Evol Ecol Res 12: 131-141 (2010) Full PDF if your library subscribes.
Defence against the herbicide RoundUp® predates its widespread use
Regina S. Baucom and Rodney Mauricio
Department of Genetics, University of Georgia, Athens, Georgia, USA
Correspondence: R.S. Baucom, Department of Genetics, University of Georgia, Athens, GA 30602-7223, USA.
Background: The herbicide RoundUp® became widely used in agriculture in the mid-1990s. Current populations of the crop weed Ipomoea purpurea exhibit both resistance and tolerance to RoundUp, which are two types of defence that have previously been shown to have a genetic basis in this weed species.
Questions: Did the genetic basis of RoundUp defence antedate the introduction of RoundUp? If so, how does defence today compare with defence then?
Organism: A preserved collection of Ipomoea purpurea seeds (the common morning glory) was germinated from 10 accessions sampled from the early 1980s. A contemporary population of I. purpurea derived from a crossing scheme was used for comparison.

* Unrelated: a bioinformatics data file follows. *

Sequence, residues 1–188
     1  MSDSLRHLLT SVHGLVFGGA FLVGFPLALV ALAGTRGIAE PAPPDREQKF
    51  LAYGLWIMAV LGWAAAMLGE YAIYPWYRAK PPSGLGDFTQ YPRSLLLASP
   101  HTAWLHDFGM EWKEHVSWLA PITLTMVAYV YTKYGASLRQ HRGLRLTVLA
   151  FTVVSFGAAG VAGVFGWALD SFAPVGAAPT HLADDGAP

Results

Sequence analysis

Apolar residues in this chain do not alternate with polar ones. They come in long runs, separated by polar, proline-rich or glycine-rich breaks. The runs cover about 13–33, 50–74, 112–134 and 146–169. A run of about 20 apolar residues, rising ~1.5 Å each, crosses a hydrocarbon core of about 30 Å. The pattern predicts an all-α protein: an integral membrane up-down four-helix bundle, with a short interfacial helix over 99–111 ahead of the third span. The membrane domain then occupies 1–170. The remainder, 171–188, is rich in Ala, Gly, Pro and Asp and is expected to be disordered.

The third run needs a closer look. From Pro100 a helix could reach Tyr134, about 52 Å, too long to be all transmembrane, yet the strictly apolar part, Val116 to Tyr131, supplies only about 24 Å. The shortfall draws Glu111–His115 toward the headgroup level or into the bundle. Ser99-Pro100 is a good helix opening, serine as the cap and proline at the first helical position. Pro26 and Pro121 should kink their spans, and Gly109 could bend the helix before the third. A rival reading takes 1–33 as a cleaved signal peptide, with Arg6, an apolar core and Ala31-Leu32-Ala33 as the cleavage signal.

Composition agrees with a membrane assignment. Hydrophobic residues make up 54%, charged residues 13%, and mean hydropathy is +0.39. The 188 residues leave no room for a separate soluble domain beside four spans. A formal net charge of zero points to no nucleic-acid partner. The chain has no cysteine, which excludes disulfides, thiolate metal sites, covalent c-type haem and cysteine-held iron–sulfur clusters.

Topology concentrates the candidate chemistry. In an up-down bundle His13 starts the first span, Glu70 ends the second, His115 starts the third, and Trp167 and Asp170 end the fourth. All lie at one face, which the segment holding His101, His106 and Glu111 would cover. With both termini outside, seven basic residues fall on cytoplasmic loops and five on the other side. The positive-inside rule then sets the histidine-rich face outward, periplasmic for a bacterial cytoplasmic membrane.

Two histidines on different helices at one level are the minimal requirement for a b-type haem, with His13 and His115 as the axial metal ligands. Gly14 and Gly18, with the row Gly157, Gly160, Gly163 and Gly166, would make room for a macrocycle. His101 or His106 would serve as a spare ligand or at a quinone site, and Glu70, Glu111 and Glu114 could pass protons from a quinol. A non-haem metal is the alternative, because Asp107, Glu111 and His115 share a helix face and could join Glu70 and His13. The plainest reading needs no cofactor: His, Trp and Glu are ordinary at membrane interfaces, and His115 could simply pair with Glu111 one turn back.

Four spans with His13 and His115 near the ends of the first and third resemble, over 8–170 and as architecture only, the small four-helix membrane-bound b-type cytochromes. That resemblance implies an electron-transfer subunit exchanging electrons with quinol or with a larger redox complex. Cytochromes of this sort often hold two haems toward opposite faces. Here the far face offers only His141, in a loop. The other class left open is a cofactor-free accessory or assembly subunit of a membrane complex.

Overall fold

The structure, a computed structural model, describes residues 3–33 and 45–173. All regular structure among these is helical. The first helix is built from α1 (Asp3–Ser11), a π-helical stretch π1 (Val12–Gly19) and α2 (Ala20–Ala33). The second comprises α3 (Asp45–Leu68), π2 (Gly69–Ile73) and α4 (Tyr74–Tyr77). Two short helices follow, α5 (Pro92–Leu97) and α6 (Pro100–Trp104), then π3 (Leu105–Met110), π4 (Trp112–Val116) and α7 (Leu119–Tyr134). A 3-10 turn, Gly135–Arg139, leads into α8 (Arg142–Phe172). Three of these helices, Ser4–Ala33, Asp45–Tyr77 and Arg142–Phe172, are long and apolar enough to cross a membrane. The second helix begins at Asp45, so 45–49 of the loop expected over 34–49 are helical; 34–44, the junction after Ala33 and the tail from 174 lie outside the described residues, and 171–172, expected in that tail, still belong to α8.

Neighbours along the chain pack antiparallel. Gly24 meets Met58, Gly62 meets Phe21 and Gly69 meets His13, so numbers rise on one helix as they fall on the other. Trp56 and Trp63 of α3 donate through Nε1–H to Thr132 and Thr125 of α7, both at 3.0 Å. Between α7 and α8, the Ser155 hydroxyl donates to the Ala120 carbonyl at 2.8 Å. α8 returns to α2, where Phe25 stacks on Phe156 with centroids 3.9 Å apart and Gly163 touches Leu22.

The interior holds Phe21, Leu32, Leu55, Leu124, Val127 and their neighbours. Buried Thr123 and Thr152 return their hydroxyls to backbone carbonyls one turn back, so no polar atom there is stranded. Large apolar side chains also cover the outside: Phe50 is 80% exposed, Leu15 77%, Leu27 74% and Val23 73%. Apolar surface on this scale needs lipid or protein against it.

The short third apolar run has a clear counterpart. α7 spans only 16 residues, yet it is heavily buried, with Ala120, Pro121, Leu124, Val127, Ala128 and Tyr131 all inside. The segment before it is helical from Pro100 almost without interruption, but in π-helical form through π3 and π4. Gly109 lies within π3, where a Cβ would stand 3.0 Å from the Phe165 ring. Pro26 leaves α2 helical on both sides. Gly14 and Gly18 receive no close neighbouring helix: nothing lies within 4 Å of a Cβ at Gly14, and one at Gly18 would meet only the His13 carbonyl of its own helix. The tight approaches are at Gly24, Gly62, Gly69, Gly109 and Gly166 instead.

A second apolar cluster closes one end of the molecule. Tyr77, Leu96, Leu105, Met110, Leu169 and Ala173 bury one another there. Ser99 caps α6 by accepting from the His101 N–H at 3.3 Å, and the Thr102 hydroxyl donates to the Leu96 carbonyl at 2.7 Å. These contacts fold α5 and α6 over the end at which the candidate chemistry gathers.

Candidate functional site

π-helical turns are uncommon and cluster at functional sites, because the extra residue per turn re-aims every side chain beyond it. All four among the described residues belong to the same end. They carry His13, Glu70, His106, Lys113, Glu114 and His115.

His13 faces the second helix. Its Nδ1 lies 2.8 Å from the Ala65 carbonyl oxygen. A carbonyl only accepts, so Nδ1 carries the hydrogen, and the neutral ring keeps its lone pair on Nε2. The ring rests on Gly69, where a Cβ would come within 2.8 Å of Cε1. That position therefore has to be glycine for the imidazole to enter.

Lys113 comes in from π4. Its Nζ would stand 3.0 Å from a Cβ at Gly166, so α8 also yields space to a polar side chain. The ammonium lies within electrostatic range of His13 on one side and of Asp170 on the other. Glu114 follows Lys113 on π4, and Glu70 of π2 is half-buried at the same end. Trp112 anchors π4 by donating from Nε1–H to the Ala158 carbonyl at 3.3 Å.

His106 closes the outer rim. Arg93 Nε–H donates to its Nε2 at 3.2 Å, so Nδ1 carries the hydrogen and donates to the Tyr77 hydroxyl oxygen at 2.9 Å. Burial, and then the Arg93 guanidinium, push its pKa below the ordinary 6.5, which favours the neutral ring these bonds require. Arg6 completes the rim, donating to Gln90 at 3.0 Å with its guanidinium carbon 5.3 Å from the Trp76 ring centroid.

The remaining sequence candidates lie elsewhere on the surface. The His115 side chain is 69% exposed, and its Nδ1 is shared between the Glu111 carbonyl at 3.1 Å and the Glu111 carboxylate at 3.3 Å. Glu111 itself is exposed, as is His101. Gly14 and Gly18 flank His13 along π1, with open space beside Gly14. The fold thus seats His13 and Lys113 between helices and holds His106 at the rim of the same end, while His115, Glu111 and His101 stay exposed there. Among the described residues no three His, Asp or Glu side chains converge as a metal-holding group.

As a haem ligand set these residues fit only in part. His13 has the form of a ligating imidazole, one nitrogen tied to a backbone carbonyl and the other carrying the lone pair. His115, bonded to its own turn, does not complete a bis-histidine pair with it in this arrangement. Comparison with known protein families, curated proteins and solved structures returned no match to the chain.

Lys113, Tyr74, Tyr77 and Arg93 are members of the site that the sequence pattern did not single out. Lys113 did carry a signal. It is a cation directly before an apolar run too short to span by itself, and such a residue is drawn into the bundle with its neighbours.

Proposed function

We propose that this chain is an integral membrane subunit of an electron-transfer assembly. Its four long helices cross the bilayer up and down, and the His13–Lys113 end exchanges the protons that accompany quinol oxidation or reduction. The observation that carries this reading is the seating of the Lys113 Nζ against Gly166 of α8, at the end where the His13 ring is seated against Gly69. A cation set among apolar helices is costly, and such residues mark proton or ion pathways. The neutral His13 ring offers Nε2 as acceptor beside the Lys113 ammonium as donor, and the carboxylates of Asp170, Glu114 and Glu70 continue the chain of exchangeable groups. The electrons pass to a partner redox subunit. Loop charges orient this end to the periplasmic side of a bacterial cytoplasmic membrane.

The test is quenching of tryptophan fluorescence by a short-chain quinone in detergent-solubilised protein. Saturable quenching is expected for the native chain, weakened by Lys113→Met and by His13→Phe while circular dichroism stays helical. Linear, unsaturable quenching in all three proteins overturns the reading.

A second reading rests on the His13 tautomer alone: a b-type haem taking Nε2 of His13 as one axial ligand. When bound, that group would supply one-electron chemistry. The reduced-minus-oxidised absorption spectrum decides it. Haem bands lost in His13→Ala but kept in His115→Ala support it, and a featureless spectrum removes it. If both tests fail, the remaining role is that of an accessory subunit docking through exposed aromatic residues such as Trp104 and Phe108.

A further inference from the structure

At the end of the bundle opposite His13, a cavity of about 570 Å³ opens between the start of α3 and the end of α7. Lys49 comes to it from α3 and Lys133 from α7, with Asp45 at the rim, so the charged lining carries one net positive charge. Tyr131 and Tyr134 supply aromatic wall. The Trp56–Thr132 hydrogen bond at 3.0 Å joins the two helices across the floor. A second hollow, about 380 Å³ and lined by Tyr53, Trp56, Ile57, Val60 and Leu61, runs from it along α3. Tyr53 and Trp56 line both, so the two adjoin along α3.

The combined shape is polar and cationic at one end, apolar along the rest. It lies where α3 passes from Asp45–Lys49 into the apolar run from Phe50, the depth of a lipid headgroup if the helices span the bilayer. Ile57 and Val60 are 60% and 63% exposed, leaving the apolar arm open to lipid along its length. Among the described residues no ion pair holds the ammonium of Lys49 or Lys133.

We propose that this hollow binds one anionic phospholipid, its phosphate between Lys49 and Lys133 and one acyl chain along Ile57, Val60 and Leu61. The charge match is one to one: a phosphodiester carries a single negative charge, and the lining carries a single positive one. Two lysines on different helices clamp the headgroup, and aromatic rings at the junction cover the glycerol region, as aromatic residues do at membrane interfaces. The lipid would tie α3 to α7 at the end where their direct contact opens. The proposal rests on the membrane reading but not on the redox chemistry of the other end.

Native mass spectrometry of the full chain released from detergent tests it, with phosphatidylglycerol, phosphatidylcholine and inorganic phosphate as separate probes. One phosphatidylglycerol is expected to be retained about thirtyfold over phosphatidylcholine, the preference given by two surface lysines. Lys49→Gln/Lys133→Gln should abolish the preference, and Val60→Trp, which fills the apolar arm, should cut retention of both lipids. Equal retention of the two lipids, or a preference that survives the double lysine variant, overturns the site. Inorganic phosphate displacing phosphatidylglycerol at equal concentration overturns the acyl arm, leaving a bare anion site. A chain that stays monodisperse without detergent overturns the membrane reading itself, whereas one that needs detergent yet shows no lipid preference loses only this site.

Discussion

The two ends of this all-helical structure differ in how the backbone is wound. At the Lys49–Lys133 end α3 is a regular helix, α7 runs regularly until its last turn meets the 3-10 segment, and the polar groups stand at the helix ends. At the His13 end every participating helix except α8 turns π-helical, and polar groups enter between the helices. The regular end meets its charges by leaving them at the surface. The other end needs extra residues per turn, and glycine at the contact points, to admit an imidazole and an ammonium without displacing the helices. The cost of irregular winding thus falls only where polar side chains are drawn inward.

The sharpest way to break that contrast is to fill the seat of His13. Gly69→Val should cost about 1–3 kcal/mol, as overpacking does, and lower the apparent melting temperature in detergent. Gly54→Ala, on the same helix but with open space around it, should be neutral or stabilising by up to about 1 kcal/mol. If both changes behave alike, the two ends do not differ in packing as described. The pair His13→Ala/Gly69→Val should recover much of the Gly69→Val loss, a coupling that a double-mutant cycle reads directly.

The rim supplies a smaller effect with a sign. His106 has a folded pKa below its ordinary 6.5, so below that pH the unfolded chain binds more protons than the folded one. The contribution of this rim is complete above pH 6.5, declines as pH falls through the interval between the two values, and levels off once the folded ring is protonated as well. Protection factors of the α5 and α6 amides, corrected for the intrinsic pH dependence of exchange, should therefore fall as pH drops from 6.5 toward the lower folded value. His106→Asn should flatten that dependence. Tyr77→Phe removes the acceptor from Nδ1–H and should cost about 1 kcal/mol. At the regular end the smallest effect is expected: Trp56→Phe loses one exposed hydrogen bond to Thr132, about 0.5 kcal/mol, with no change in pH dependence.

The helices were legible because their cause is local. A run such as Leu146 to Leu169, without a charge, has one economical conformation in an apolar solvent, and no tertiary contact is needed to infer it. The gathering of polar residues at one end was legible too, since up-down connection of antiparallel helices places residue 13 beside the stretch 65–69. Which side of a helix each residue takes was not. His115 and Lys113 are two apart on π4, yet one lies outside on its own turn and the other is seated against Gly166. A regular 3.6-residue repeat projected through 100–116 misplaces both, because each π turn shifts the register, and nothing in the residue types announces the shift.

Methods: Replicate seeds from both the historical and contemporary populations were planted into a field experiment located at the University of Georgia’s Plant Sciences Farm. Individuals were sprayed with the field rate of glyphosate, the active ingredient in the herbicide RoundUp. Tolerance, or the fitness response following herbicide application, and resistance, a measure of the amount of damage a plant exhibits after herbicide application, were determined for each line of both the historical and contemporary populations.
Results: Genetic variation for both types of defence was already present in this weed species prior to the herbicide’s introduction in the mid-1990s. Furthermore, the level of tolerance to glyphosate has not increased over time. In contrast, our results suggest that resistance is higher in the contemporary population than in the historical accessions.
Keywords: adaptation, agro-ecosystem, evolution, Ipomoea purpurea, resistance, tolerance.
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